Navistar’s Steve Gilligan at ATA conference and trade show explaining company plans to move ahead with SCR engine technology starting in January.
The LoneStar will be the first Navistar model out with an SCR capable MaxxForce 13L engine. Company officials said that should happen in April.
LAS VEGAS, Nev. – Navistar International is looking to have its Lonestar ready for sale with SCR-MaxxForce 13 power this April.
The plan is to launch the new SCR-capable engines in April with the highest volume configurations and move to the lowest volume configurations by July, Steve Gilligan, vice president – product and vocational marketing, said during a press briefing at the American Trucking Association’s annual conference and trade show today.
“We have an opportunity to grow back share with customers. We are getting a lot of positive feedback with how quickly we are moving,” Gilligan said in reference to Navistar’s dropping market share since the company had decided to carve its own path in meeting EPA2010 engine emissions standards by using only advanced exhaust gas recirculation (A-EGR), while all its competitors chose to pursue selective catalytic reduction (SCR), which requires the use of urea-based diesel exhaust fluid.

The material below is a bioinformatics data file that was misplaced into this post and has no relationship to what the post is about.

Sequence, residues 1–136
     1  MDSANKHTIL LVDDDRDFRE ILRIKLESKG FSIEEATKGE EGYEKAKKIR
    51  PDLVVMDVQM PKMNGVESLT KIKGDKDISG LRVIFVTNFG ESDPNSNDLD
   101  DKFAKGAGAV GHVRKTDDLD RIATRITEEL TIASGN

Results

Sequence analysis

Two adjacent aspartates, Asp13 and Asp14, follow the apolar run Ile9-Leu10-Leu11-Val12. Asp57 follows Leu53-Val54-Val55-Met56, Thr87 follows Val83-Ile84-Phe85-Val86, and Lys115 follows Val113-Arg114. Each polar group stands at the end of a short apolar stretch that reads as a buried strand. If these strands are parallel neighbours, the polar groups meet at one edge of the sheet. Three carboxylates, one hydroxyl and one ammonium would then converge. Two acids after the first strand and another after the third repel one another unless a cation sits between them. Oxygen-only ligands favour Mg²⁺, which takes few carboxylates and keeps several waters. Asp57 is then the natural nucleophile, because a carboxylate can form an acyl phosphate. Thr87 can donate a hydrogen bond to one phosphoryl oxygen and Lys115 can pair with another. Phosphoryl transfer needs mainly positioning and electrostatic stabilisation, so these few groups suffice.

In late August, with its market share dropping, Navistar faced the reality it would be unable to certify its 13-litre Advanced-EGR MaxxForce engine before cashing in the last of its emissions credits, by changing its strategy and announcing it would add SCR exhaust aftertreatment to its engine line. (Credits were earned for producing engines that were cleaner than required under previous emissions standards, but those credits ran perilously low before the company was able to certify its A-EGR engines at 0.2 grams NOx.)
Navistar International won’t apply SCR to its 15-litre MaxxForce engine. It’s instead leaning on Cummins for its high-horsepower requirements. Company officials had said that anticipated demand for the 15-litre MaxxForce would not support the cost of further developing the engine and applying SCR exhaust aftertreatment to it.
Gilligan said the company will be rolling out trucks equipped with Cummins SCR-ISX engines by January, adding they are already ahead of schedule with their plans.
“We are testing to see how the Cummins ISX engine integrates with our chassis. We don’t expect any delays. There is no modifications at all required,” Gilligan said.
Moving to the SCR platform will add about $3,900 to the price of a new engine.
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